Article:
The celebration of American Cuisine is finally here. Casey of Eating, Gardening, & Living in Bulgaria has invited food bloggers to share what they think American Cuisine is. I thought long and hard about this one, I even asked other bloggers for their opinions. Some people seem to think American cuisine doesn’t exist. I disagree, but I think it suffers from multiple personality disorder. The regional differences in cuisine in the states makes it hard to pinpoint one thing that could be called American cuisine. I think what all of these regional cuisines have in common is that are all looking for ways to innovate an incorporate new techniques and ingredients. I guess that’s what makes them american.

So when it came time to choose something to make I went with I feel is a traditional American meal, Thanksgiving dinner. Since it’s the middle of the summer, and I’m just cooking for myself, I made this a little more low-key than your typical Thanksgiving meal. Instead of roasting a whole bird, I just roasted a turkey breast stuffed with caramalized onions, goat cheese and cranberries (what’s Thanksgiving without cranberries and stuffing?). On the side there was sweet potato hash and roasted carrots.

And of course there was pie. I decided to make a pie with seasonal fruit instead of apple or pumpkin, and after Smitten Kitchen’s description of cherry pie as “epic, iconic, and it even has a metal song dedicated to it“, my choice was clear.

I have to say this pie kicked my butt. My original plan was to use this recipe from the New York Times, which calls for a prebaked crust. I got to work making my favourite crust (all butter, of course). At this point I should specify that it was ridiculously hot the day I made the pie, and I never actually read the recipe instructions. It took forever to make the crust, because I kept having to put all the ingredients back in the fridge to cool (cold ingredients make the best pie crusts). I finally got in all done, chilled and rolled. I put it in the oven and got to work on the filling. After about 15 minutes I took a peak at the crust and realized it shrank, like, a lot. So I stopped the oven and started making more pie crust dough. This time I stuck with the traditional soggy bottomed fruit pie technique, and I have to say it was pretty darn tasty (except for the burnt bits). I actually kinda like the soggy bottom in a fruit pie. And because of the crust do-over it wasn’t ready on time to bring to my parents for dinner, so I had to eat the whole thing all by myself.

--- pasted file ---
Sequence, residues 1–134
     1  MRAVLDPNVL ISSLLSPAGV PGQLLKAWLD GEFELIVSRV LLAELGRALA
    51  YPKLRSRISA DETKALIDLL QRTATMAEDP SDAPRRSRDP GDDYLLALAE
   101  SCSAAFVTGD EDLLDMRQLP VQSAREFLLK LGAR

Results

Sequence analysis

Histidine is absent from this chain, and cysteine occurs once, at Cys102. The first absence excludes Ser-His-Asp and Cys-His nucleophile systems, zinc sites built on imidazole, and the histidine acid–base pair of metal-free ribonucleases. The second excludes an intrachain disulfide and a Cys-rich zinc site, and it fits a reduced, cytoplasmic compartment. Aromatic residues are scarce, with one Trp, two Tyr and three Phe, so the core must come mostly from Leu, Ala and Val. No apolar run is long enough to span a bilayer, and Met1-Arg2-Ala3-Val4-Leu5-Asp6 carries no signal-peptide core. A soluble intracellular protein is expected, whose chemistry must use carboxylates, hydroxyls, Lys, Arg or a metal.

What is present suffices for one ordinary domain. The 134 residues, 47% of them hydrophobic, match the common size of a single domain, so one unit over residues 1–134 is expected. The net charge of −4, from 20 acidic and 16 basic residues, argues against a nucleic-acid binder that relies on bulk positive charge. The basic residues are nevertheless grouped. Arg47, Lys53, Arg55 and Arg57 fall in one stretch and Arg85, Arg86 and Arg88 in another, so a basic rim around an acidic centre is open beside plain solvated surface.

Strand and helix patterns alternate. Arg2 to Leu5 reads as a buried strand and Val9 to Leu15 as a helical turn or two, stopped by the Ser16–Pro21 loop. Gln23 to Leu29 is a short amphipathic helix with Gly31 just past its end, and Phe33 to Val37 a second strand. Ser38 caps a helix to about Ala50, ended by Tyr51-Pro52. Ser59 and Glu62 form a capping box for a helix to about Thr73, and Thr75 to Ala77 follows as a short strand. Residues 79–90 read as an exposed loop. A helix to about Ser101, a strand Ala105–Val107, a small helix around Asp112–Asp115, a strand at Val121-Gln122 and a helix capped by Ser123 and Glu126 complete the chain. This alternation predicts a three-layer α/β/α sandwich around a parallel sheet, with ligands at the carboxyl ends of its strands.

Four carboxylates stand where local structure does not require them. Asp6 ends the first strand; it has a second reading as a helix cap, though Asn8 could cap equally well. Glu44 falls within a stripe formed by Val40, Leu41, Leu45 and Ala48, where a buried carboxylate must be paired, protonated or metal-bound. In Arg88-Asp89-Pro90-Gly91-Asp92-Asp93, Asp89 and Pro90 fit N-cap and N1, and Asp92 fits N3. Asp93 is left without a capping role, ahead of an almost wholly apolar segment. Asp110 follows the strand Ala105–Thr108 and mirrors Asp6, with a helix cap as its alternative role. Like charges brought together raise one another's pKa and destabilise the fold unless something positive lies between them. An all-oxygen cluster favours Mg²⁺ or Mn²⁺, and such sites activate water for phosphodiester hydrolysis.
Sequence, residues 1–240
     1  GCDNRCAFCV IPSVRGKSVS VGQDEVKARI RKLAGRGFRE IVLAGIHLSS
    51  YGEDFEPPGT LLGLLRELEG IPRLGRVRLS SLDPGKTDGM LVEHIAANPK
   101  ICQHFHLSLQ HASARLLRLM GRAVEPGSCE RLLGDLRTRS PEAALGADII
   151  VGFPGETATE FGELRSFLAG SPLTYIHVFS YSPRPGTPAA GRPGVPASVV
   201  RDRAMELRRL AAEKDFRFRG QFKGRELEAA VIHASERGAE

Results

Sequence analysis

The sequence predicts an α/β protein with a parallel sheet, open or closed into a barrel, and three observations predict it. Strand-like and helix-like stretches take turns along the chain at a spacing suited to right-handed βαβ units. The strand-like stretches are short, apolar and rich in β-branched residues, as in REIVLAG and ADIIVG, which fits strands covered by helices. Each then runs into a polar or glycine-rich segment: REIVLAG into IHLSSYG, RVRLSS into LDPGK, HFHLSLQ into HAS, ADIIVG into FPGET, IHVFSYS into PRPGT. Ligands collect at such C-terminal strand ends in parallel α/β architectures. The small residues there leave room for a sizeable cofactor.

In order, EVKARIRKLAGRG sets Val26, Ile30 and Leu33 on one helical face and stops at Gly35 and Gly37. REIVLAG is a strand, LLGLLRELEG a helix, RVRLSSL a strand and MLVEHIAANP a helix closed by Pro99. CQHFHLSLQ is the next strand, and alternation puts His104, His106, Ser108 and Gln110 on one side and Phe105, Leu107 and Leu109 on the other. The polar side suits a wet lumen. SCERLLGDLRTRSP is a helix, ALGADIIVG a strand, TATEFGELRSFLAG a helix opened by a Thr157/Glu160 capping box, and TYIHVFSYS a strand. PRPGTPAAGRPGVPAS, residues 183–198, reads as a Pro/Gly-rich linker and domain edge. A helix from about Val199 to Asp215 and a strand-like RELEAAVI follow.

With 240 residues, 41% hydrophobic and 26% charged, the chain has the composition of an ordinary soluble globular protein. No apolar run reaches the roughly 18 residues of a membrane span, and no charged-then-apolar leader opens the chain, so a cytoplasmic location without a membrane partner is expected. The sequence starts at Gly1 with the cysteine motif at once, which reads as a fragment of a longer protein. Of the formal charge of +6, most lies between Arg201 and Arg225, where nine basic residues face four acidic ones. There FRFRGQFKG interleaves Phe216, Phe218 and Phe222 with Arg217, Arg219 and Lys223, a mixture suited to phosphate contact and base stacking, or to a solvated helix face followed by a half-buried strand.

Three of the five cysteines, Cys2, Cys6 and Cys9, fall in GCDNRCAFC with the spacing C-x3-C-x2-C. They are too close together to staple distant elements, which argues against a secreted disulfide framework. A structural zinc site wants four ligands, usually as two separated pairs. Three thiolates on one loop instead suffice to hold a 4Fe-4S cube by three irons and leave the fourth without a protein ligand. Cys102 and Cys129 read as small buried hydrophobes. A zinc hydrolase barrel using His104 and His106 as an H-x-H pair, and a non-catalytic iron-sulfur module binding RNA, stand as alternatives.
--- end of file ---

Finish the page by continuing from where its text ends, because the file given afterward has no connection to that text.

Cherry Pie


  • 1 1/4 cups all-purpose flour
  • 1 stick cold unsalted butter, cut into 1/2-inch cubes
  • 1/4 teaspoon salt
  • 3 to 5 tablespoons ice water
  1. Blend together flour, butter, and salt in a bowl with your fingertips or a pastry blender (or pulse in a food processor) just until most of mixture looks rough and crumbly.
  2. Sprinkle 3 Tbsp ice water evenly over mixture and gently stir with a fork (or pulse) until combined
  3. Press some of the dough together. If it doesn’t hold together add more water.
  4. Form a disk with the dough and chill for at least 4 hours.
  5. Roll out the dough and place in pie plate. Chill again for about 20 minutes.
  6. Save excess dough for topping pie.

Cherry Filling

  • 4 cups pitted cherries
  • 1 cup sugar
  • 1/2 cup flour
  • 1 tsp vanilla extract
  1. Toss cherries with other ingredients, make sure cherries are well covered.
  2. Pour into chilled pastry dough.
  3. Cover filling with excess dough.
  4. Bake at 375 for 50 minutes to 1 hour, until cherry filling is bubbling.

All in all, I think my american cuisine meal was quite delicious. Thanks again to Casey for hosting the event. Check out her site on July 4th for the round up of what everyone made!

Like This!